But there’s no way to distinguish between `rand()` and `mod(q + rand(), 1)` no matter what `q` is. They are both random variables with identical distributions, i.e. uniformly distributed between 0 and 1.

So you can just replace one with the other.

The original line was before final debugging. The correct line is:

``````x=transpose(abs.(2 .* mod.(collect(UnitRange(1:nv)) .* q[i-1] .+ rand(), 1) .- 1))
# note: the rand() is not broadcast -- it's a single random uniform value added to all elements
``````

OK, previously you made a random vector, `rand(nv)` (well actually, you made a random matrix, `rand(1, nv)`), so this is different, if it’s just one single random number to the entire range.

BTW, separately from the previous point: this construct is a bit odd:

``````collect(UnitRange(1:nv))
``````

So, `1:nv` is already a `UnitRange`. Putting it in a `UnitRange` constructor is redundant. Then, you convert it to an `Array{Int, 1}` using `collect`. Ranges have really nice properties, so I suggest that you just write `(1:nv) .* q[i-1]` instead of `collect(UnitRange(1:nv)) .* q[i-1]`.

Thanks, I was hoping you’d have some tips on this.

collect(UnitRange(1:nv)) came about because it works in the REPL. I look up how to create a sequence from 1…n – find UnitRange(). Also see that collect() explodes the range out.

Consider (I’ll use “3” instead of q[i-1])

``````julia> x=(1:5)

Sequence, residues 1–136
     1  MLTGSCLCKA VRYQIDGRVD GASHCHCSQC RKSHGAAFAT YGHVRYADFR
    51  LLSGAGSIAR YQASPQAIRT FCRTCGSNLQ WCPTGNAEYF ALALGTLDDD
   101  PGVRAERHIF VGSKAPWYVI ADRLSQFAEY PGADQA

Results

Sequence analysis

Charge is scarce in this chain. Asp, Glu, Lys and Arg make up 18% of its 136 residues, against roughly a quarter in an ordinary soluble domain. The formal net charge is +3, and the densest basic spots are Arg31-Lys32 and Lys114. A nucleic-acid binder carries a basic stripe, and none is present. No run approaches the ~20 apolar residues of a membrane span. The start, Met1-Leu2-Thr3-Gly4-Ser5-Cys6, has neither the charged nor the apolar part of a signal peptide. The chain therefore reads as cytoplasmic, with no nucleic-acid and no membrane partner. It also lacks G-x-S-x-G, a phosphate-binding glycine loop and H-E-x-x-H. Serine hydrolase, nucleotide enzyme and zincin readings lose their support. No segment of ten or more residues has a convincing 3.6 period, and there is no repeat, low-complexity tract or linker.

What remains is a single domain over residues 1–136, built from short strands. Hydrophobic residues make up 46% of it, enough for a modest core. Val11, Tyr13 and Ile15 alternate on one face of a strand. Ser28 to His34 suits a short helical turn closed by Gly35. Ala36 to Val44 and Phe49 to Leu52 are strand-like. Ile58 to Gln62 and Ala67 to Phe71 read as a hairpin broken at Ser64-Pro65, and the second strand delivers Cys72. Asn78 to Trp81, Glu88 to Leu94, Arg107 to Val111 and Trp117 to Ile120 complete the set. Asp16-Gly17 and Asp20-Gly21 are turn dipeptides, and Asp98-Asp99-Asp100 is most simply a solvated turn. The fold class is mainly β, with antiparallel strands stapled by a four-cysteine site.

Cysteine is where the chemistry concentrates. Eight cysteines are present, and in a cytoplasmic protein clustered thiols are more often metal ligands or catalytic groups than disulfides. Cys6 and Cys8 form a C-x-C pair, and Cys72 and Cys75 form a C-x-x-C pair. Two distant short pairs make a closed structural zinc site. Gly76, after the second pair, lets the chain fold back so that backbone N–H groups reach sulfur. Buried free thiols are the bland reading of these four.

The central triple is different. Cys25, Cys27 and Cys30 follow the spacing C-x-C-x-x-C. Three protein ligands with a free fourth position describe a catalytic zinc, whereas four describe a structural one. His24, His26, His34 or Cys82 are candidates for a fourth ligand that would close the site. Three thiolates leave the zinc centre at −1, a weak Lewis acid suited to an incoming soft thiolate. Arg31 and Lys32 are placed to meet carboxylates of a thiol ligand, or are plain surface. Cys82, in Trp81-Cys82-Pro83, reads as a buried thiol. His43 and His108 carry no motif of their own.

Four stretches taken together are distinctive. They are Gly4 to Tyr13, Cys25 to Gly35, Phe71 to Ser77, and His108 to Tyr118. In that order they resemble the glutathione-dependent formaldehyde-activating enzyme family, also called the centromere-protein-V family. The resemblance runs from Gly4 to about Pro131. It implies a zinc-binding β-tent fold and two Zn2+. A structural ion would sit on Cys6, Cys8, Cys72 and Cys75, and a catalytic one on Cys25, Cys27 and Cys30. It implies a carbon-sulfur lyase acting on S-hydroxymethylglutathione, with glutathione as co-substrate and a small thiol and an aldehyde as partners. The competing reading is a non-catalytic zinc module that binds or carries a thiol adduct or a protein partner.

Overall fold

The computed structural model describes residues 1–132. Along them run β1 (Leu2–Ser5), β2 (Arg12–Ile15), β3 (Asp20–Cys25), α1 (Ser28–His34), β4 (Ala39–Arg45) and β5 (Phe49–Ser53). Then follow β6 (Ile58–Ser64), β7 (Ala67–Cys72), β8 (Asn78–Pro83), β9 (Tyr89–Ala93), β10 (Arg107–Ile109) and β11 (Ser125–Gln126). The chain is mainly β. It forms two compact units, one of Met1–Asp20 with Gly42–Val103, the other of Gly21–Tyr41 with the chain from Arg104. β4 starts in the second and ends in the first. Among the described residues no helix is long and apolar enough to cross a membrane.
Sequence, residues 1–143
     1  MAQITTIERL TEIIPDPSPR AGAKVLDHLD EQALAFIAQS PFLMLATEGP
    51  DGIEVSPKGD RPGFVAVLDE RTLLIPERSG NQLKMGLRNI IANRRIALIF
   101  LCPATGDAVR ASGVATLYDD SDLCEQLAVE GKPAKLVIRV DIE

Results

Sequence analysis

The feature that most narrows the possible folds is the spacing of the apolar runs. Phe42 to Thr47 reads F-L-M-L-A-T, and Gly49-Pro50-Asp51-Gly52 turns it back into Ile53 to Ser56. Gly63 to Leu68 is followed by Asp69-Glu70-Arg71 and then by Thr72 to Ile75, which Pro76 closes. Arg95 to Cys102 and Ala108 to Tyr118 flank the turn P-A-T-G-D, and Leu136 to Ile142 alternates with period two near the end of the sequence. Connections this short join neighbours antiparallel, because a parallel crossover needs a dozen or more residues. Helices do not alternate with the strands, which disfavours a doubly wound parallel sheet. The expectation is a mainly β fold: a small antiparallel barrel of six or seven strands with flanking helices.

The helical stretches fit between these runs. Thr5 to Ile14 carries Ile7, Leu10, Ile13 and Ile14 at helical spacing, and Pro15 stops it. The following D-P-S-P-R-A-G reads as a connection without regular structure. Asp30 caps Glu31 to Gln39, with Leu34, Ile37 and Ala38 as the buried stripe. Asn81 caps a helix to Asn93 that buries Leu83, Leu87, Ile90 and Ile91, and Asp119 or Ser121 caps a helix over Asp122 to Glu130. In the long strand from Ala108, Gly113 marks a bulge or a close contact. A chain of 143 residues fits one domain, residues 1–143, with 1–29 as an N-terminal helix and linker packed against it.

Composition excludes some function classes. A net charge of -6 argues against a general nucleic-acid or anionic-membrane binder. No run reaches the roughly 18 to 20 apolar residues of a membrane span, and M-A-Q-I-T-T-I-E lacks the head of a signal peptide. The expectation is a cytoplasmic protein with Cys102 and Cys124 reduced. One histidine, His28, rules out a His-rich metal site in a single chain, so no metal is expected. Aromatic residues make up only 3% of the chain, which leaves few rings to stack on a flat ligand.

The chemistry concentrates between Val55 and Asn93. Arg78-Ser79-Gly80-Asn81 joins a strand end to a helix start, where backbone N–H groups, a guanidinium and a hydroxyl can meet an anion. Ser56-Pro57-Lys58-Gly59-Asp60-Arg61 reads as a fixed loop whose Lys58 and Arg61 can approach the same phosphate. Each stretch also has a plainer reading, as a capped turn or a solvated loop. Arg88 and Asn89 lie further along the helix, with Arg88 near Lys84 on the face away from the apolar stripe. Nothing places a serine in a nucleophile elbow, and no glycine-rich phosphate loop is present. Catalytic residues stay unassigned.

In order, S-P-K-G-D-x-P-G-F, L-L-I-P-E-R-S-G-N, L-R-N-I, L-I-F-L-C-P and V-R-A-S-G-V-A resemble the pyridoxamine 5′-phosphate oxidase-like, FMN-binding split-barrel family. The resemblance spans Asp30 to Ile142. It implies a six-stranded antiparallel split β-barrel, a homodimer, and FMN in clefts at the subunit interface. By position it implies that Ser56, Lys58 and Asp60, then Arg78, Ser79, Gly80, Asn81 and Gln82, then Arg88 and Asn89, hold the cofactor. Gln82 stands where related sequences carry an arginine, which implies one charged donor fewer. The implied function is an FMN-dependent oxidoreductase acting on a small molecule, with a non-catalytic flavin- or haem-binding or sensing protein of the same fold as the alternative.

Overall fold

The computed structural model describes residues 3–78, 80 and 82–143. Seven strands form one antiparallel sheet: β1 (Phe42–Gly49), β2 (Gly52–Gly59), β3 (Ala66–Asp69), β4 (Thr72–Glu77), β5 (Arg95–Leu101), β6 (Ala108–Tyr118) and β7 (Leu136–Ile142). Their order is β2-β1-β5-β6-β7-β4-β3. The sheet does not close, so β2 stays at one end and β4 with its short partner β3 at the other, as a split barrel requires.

1:5
julia> x=(1:5) .* 3
3:3:15
julia> x=UnitRange(1:5) .* 3
3:3:15
julia> x=collect(UnitRange(1:5)) .* 3
5-element Array{Int64,1}:
3
6
9
12
15
``````

So that’s how collect(UnitRange(1:nv)) came about.

I’ve now replaced the line with:

`x=transpose(abs.(2 .* mod.((1:nv) .* q[i-1] .+ rand(),1) .- 1))`

Which works

However, if I pull the guts out of the mod function and plug it into the REPL:

``````julia> (1:nv) .* q[i-1] .+ rand()
2.681369819129881:1.7320508075688772:577.722237931997
``````

I usually check out the functionality in the REPL before putting it into the program.

Yes, after `mod` it cannot any longer be expressed as a range, so `mod` converts ranges to ordinary `Array{.,1}`s. Note, though, that ranges are arrays, they’re just not `Array`s.

Hmmmm. I still don’t quite get why you put it inside the `UnitRange` call I mean, you wouldn’t write `s = String("Hello!")`, right? Just `s = "Hello!"`?

Here’s how I think it happened.

Lookup UnitRange in the documentation.

The example given is:

``````julia> collect(UnitRange(2.3, 5.2))
3-element Array{Float64,1}:
2.3
3.3
4.3
``````

That’s just what I need! Modify it to use integers, and boom, good to go!

Wow, never seen that way of using it before.

Well, I guess you’re off the hook